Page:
WAUPUN (6/21/2022 Green Bay Press Bay Press-Gazette) – The End of the Trail sculpture in Waupun depicts a weary, historic Indigenous person on a weary horse and some locals are questioning the city’s mayor’s desire to market the statue on the city’s logo. view full article here…
“Many tourists take pictures with it,” said Waupun Mayor Rohn Bishop. “It’s here in Waupun and we should be proud of it. The statue is not racist. The statue is a tribute to what Native Americans went through.
“Firstly, it’s nice that the town has this beautiful piece of art,” said Renee Gralewicz, a citizen of Brothertown Indian Nation and peacemaker for the tribe’s judicial system, but who spoke as an individual and not on behalf of the tribe. “The problem is, what have they done lately for Indigenous America? It seems that in the U.S., Indigenous peoples are always placed in historical context, as if we are no longer here and no longer matter.”
So, if the town of Waupun only likes historical images, then the statue has little meaning to me and my relatives,” Gralewicz said. “It only allows the town to feel good about itself without doing anything to aid and honor the living. However, if the town is actually working to educate their citizens about real U.S. history and all its messiness, then the statue can be a good talking point.”
Reached for comment;
The results of the 2022 Tribal Election are in! The election for Chair, Treasurer, and Peacemaker were held on May 19th. The election for the Council seat was held on June 17th after a revised ballot was sent out following a printing error. Thank you to ALL candidates for running to serve the Tribe!
Phyllis Tousey: 211
Richard Schadewald: 175
Michelle Wood: 345
Councilmember (one seat):
Austin Hammond: 145
Hector Marroquin: 83
Greg Wilson: 351
Wonderful news for the Brothertown Indian Nation Membership. The Oneida Nation Business Committee approved the transfer of ownership for the Brothertown Collection.
I was honored to be on the Council when the collection became known to the Tribe. There are so many gratitude’s needed here are just a few:
- Loretta Metoxen, rest her soul, brought the collection to our attention. She also made the request for the Oneida Nation to purchase the collection.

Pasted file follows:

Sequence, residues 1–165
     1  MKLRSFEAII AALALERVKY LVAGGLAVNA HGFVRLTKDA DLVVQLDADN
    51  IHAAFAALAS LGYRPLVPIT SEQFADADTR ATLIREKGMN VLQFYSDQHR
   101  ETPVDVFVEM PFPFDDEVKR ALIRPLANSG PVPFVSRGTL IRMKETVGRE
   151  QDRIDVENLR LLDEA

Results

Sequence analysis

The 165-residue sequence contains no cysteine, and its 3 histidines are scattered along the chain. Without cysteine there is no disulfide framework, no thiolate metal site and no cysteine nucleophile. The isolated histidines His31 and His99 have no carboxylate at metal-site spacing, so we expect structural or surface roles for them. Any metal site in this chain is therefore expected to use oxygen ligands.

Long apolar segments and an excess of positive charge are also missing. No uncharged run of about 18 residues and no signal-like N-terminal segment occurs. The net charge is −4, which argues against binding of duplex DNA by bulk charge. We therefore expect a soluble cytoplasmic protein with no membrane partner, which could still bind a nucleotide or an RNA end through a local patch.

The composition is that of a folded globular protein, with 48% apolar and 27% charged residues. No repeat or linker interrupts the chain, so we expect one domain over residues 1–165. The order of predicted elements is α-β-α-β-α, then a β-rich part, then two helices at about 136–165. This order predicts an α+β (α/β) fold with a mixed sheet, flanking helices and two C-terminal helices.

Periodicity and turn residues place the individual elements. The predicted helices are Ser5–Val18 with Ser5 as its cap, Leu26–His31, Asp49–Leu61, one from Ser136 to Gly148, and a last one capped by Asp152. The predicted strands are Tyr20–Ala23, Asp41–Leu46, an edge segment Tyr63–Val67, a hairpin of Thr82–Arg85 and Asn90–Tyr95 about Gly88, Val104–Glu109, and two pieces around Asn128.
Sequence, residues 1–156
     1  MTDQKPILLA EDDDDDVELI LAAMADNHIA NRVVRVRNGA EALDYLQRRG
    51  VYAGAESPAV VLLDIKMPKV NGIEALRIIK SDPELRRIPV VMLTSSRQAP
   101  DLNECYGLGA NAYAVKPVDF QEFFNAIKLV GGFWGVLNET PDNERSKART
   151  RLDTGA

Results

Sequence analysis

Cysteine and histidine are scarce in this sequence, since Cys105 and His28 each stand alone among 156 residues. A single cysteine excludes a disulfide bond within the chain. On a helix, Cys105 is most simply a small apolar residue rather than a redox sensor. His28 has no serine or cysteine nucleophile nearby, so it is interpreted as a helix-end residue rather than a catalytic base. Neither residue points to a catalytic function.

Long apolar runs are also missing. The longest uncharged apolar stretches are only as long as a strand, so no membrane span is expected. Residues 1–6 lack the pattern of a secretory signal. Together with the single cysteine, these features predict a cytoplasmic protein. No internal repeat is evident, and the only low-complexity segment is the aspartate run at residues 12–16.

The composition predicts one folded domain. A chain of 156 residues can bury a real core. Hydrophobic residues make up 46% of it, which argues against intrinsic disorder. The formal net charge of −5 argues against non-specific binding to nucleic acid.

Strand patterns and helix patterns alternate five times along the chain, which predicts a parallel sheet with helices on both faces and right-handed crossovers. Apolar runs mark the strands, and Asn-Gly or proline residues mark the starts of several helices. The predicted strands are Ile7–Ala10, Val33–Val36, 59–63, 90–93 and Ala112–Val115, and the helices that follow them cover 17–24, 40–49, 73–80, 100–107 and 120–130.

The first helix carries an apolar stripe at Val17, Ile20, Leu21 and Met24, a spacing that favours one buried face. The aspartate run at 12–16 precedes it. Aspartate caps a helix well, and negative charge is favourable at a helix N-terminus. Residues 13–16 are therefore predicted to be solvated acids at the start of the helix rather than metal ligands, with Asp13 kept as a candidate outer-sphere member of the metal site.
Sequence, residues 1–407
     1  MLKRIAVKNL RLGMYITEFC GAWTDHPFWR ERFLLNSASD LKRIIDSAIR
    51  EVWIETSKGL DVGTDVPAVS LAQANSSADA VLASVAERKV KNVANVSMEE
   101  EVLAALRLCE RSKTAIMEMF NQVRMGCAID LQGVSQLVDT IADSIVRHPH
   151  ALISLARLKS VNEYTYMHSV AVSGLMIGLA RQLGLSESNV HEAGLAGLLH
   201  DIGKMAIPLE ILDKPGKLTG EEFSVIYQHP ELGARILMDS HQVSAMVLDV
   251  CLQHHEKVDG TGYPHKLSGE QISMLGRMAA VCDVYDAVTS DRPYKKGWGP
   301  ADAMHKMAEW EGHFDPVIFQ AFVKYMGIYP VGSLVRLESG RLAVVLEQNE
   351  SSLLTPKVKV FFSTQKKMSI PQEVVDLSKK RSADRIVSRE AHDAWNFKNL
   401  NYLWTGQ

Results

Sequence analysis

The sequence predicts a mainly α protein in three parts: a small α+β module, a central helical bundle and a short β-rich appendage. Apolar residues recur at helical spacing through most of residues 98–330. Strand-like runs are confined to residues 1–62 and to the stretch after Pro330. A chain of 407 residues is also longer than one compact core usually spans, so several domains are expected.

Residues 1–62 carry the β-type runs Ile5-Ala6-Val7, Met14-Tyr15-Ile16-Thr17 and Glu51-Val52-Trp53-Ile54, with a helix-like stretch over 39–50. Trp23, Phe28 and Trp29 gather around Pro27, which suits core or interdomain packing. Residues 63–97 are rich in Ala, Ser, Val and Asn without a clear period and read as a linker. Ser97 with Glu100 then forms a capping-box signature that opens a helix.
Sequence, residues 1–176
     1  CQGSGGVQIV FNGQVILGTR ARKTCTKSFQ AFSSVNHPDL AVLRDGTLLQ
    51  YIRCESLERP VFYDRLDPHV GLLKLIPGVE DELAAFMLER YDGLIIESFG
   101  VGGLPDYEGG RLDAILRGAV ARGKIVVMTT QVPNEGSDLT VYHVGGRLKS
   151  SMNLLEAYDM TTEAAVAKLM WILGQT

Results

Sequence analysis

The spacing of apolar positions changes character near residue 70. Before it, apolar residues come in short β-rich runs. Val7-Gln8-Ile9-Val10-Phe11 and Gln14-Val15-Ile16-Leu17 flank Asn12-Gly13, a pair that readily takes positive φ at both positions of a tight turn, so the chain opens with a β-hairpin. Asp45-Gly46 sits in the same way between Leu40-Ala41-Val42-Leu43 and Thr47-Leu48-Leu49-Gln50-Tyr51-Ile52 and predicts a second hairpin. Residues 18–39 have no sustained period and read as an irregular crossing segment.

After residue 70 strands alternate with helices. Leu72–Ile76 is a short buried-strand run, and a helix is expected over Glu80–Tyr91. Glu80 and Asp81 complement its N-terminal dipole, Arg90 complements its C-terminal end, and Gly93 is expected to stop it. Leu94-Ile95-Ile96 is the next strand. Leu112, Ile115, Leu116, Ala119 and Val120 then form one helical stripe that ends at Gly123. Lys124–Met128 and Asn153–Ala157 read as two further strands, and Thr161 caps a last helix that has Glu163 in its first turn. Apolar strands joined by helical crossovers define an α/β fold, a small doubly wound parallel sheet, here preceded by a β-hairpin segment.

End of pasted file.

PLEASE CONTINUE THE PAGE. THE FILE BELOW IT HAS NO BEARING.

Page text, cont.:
- Caroline Andler who spent countless time with Loretta verifying the collection.
- Richard Hill, former Oneida Chairperson, who graciously reached out to me when Loretta made a request to purchase the collection on behalf of the Brothertown Nation.
- Courtney Cottrell-Gerzetich, Brothertown Tribal Historic Preservation Officer, who worked hard with the personnel of Oneida Culture Department on the Collection. Dr. Cottrell also began the process of the Oneida Nation returning ownership to the Brothertown. She created the tribe to tribe document for access to the collection and was instrumental in the transfer document that was approved.
- Oneida Nation Business Committee for all they have done for the Collection.
- Brothertown Chairperson Bob Fowler, Vice Chairperson Jessica Ryan and the Council for steadfast support throughout the Collections journey back to us.
I know I missed too many people so forgive my oversight. A deep personal thank you to my Oneida relatives and friends.
*Post provided by Craig Cottrell
On Sunday, June 12 at 10am, there will be a memorial bench dedication at Brothertown’s Union Cemetery in honor of Mark Alan Baldwin. Mark was born and raised in Sheboygan, Wisconsin but later relocated to California’s Bay Area where he passed away suddenly, at his home, on April 25, 2021.
For over four decades, Mark worked in service of the Brothertown Indians. He began a contemporary tribal newsletter in the 1980s, spearheaded numerous grants, served on Tribal Council, and volunteered for countless projects and committees. A few years ago, Mark helped to establish, and served as president for, Calumet and Cross Heritage Society; a nonprofit that works to preserve and share the history of the Brothertown Indians.
One of Mark’s final projects with Calumet and Cross was to begin work on a series of historical markers for culturally important sites in and around Brothertown, Wisconsin. Union Cemetery is one of these sites and is the final resting place for many Brothertown Indians; including some of Mark’s relatives. The new bench will sit under the trees near the entrance; ready to offer assistance, as Mark always was, to anyone in need.